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close this bookLow-external Input Rice Production (IIRR)
close this folderSeeds/seedlings/transplanting
View the document(introduction...)
View the documentManaging traditional cultivars for optimum outputs
View the documentProducing rice seeds in a farmer's field
View the documentDetermination of rice seed quality
View the documentRice seed dormancy
View the documentRice seed collection and handling
View the documentCommon botanicals and other materials in rice seed protection during storage
View the documentOn-farm grain storage
View the documentClonal propagation: a method of seed multiplication
View the documentRaising seedlings by the wetbed method
View the documentThe dapog method of raising rice seedlings
View the documentLine markers for rice transplanting
View the documentStraight-row planting using the square and triple-row spacing
View the documentA manually operated rice transplanter
View the documentA drum seeder for direct seeding
View the documentInoculating rice seedlings with Azospirillum

Inoculating rice seedlings with Azospirillum

Azospirilla are a genus of bacteria which live and can colonize the roots of forage and grain grasses and exert beneficial effects on their growth. This grass-bacteria symbiosis differs from the legume-rhizobium symbiosis in that the former does not have root nodulation as a manifestation of the association. These organisms reside mainly at the zone of root elongation, bases of root hairs and root interior.

Some work has been done in rice particularly in India and now in the Philippines. One recent test in India yielded 6.5 T/ha with Azospirilla vs. 4.4 T/ha without it. In experiments in Cavite and Negros provinces, the use of Azospirilla in combination with 40 kg N increased rice yields by 24% and 55%, respectively, while Cavite experiments using only Azospirilla increased rice yields by 18%.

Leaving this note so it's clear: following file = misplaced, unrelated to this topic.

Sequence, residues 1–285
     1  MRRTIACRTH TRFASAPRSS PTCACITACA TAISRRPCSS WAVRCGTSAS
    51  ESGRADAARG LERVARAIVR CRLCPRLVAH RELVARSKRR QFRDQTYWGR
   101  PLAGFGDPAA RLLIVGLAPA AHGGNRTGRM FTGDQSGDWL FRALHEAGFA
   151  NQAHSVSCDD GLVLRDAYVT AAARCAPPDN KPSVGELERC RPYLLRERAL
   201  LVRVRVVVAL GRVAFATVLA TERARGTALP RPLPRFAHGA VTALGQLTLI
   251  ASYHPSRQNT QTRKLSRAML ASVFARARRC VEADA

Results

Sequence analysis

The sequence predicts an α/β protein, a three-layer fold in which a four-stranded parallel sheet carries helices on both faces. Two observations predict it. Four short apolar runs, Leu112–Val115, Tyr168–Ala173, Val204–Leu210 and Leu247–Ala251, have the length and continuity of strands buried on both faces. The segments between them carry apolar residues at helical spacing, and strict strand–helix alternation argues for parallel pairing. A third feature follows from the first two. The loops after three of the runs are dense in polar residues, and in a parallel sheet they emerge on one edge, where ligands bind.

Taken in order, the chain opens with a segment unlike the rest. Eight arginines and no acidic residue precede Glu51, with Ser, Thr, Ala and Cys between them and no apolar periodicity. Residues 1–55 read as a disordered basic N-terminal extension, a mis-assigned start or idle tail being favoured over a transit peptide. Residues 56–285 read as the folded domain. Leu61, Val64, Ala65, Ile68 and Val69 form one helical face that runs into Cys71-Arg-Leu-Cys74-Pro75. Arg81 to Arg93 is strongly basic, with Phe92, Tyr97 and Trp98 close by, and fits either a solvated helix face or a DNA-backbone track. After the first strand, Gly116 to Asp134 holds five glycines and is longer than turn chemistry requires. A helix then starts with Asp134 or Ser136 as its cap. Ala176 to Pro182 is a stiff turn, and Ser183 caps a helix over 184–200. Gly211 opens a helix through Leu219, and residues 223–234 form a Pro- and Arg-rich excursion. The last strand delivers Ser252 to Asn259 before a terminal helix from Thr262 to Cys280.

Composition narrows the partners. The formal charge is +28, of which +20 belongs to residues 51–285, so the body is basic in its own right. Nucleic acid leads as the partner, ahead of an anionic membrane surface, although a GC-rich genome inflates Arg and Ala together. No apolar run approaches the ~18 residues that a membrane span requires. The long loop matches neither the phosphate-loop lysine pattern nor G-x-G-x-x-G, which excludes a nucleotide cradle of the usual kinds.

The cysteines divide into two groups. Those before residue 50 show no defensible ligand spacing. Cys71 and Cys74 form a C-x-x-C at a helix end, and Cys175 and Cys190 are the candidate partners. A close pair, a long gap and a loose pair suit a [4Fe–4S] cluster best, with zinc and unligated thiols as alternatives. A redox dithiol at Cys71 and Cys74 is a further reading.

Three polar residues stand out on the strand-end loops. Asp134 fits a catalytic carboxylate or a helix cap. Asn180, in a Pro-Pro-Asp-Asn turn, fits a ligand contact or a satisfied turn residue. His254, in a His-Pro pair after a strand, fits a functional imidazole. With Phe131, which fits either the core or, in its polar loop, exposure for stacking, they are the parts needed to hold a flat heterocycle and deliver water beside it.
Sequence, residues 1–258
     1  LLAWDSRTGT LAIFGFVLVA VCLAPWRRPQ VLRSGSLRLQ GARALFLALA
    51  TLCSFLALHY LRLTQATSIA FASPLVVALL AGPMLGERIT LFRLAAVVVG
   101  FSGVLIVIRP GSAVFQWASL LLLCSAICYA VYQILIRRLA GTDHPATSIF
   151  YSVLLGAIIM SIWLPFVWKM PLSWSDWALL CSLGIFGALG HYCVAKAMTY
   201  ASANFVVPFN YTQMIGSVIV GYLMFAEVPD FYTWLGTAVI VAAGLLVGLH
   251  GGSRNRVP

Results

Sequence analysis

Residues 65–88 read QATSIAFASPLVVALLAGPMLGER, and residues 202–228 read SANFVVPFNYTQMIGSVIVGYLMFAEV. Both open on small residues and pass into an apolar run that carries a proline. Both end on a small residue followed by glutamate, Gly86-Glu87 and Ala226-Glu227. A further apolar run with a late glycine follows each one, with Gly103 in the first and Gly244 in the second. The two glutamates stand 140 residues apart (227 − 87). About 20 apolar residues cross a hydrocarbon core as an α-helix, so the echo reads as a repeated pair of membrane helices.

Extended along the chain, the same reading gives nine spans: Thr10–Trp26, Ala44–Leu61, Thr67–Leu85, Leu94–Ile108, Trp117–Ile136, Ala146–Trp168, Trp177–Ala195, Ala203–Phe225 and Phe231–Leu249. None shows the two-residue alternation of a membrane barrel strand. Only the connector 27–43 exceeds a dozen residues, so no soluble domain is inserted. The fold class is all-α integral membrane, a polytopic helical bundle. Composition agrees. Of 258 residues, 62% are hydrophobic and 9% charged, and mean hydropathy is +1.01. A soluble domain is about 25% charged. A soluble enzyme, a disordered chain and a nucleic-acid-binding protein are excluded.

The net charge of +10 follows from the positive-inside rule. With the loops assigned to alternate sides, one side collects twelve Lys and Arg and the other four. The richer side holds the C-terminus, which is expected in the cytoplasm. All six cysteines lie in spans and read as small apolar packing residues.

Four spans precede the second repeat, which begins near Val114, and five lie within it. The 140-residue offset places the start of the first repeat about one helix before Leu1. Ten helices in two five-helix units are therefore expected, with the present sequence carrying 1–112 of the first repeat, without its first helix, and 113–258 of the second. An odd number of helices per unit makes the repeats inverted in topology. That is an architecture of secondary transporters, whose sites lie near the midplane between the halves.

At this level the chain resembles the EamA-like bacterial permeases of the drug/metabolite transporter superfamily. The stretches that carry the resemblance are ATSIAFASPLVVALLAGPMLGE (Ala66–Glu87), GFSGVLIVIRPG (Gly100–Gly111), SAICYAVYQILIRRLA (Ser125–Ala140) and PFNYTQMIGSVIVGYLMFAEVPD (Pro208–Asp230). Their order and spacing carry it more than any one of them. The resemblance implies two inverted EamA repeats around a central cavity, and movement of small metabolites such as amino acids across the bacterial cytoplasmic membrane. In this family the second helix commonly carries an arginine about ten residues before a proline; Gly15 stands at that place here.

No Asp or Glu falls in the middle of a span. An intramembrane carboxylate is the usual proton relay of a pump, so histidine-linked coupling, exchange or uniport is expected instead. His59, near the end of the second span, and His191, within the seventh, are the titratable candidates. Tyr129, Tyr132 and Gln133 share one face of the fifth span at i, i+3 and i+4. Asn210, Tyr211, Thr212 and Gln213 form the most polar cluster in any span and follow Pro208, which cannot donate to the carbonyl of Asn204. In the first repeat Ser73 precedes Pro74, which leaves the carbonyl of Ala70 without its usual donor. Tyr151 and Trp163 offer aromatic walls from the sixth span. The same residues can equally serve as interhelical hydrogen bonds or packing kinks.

The exact cause for the yield increases is not yet clear. However, it is known that a higher percentage increase in yield occurs under conditions where lower amounts of fertilizer N is used.

Aside from the nitrogen fixation, several benefits can be derived from azospirillum inoculation: it promotes root hair development and branching -- increasing the uptake of NPK and microelements; improves water status of plants; and increases dry matter accumulation and grain yield. Inoculating plants with azospirillum can reduce the required nitrogen fertilizer from 1/3 up to 213.


1. Mix the inoculant with water. About 750-1000 9 inoculant is required to treat seedlings needed to plant 1 hectare.

2. Put the mixed inoculant in a container for dipping the seedlings. If a big container is not available, prepare a bunded piece of land and line this with plastic

3. Soak the seedlings into the mixture for at least 3 hours. If possible, inoculate/soak the seedlings overnight before transplanting.

Mix the inoculant with water

Put the mixed inoculant in a container